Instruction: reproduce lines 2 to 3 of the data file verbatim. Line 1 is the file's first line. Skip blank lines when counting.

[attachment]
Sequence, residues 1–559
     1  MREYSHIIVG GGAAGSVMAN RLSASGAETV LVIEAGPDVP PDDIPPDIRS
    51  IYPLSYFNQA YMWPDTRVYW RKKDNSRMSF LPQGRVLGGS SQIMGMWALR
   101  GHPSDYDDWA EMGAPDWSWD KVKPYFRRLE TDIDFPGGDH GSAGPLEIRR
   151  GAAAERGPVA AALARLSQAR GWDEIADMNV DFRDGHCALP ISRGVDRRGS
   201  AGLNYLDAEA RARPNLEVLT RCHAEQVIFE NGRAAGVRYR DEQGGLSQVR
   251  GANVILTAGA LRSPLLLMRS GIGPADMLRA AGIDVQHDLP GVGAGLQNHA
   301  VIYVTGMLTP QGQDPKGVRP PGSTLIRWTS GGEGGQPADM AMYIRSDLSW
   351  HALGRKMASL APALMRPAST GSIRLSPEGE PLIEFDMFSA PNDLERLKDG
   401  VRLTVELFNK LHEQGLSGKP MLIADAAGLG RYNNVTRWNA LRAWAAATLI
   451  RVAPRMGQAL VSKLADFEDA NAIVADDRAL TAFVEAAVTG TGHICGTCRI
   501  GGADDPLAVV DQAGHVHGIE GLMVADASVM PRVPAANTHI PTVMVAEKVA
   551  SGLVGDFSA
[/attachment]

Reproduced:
     1  MREYSHIIVG GGAAGSVMAN RLSASGAETV LVIEAGPDVP PDDIPPDIRS
    51  IYPLSYFNQA YMWPDTRVYW RKKDNSRMSF LPQGRVLGGS SQIMGMWALR